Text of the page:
What About Pre-Arrest Silence?
A prosecutor’s comments on prearrest silence, however, are proper. See People v. Manley, 222 Ill. App. 3d 896, 909 (1991); People v. Graves, 142 Ill. App. 3d 885, 890 (1986).
In order to determine whether the prosecutor’s comments were improper, we must first determine at what point defendant was arrested.
“An arrest occurs when a person’s freedom of movement is restrained by physical force or a show of authority.” People v. Surles, 2011 IL App (1st) 100068, ¶ 23.
Factors that may be indicative of an arrest include
“(1) the threatening presence of several officers;
(2) the display of a weapon by an officer;
(3) some physical touching of the person of the citizen; and
(4) the use of language or tone of voice indicating that compliance with the officer’s request might be compelled.”
People v. Luedemann, 222 Ill. 2d 530, 553 (2006).
We determine whether a person is under arrest based on whether an objective reasonable person, innocent of any crime, would conclude that he is not free to leave under the circumstances.
The Arrest In This Case
The record here demonstrates that defendant was not arrested until an officer pointed his weapon at defendant, commanded defendant to ascend the staircase, and guided defendant up the staircase while continuing to point his weapon at defendant.
Although this officer was the only officer on the stairs at that time, defendant was aware of the presence of at least three officers on the scene. In addition, this officer approached defendant with his weapon drawn, gave defendant an order to come with him up the stairs, and continued to point his weapon in defendant’s direction as they ascended the stairs.
Under the totality of these circumstances, we conclude that any interaction defendant had with police officers from that point forward is considered postarrest.
Thus it follows that the prosecutor’s comments regarding the points in time prior to defendant’s arrest were proper.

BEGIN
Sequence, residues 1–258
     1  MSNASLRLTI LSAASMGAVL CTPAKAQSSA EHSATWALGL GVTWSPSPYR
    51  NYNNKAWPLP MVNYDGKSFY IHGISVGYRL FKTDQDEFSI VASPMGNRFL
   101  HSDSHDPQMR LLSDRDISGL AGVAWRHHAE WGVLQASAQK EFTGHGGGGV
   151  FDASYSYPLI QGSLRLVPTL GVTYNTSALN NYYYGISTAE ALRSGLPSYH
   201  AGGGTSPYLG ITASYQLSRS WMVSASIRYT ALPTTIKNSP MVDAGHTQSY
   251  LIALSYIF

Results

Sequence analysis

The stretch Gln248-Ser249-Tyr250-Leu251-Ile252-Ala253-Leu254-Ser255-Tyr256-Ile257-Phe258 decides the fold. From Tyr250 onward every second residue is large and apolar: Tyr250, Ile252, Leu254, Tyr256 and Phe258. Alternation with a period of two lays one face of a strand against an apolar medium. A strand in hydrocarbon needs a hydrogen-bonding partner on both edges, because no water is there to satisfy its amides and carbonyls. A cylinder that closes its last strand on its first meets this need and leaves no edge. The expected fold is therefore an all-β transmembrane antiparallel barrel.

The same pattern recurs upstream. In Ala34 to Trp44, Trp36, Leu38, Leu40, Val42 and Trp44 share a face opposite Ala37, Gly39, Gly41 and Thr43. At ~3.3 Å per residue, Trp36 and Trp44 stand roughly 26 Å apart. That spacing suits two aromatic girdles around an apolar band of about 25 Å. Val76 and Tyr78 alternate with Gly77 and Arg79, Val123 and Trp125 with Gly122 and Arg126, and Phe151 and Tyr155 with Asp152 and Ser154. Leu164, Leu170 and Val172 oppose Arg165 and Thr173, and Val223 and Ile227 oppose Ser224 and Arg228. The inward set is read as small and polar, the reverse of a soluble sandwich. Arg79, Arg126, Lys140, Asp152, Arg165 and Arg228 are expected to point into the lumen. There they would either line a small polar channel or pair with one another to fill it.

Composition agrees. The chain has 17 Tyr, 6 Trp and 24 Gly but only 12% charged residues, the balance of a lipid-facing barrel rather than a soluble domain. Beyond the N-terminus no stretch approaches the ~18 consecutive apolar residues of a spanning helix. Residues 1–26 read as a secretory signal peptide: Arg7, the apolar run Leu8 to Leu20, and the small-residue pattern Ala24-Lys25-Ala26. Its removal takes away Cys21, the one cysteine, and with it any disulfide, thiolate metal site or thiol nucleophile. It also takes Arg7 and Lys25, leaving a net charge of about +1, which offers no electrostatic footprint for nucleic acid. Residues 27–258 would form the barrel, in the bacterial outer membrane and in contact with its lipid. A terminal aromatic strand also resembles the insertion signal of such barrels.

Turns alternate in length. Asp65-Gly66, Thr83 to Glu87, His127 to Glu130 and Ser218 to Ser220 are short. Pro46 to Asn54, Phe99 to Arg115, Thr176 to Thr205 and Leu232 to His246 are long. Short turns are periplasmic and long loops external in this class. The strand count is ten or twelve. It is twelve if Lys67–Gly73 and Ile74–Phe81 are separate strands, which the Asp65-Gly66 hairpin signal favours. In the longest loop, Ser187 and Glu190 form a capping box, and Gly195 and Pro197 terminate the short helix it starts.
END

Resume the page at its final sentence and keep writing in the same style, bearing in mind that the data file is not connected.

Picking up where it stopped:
The Illinois “Exception”
Illinois courts have held that there are two exceptions to the general rule, where postarrest silence will be considered relevant. People v. McMullin, 138 Ill. App. 3d 872, 877 (1985). A defendant’s postarrest silence may be used to impeach his trial testimony when:
(1) the defendant testifies at trial that he made an exculpatory statement to the police at the time of his arrest; or
(2) the defendant makes a postarrest (but still pretrial) statement that is inconsistent with his exculpatory trial testimony.
Quinonez, 2011 IL App (1st) 092333, ¶ 27.
Despite the State’s request, we decline to consider whether defendant’s postarrest silence falls within one of the exceptions to the general rule. First, the facts of this case are nuanced and the State cites no case wherein it was allowed to impeach a defendant with his or her silence where the State itself elicited the testimony it purports to impeach. See Ill. S. Ct. R. 341(i), (h)(7).
Second, even if it did not fall within one of the exceptions, defendant cannot demonstrate plain error. Here, the evidence defendant committed first degree murder was overwhelming.
We do not believe that any alleged error was “so serious that it affected the fairness of the defendant’s trial and challenged the integrity of the judicial process.” We conclude defendant has not met his burden to demonstrate the error was so serious it affected the fairness of the trial and challenged the integrity of the judicial process.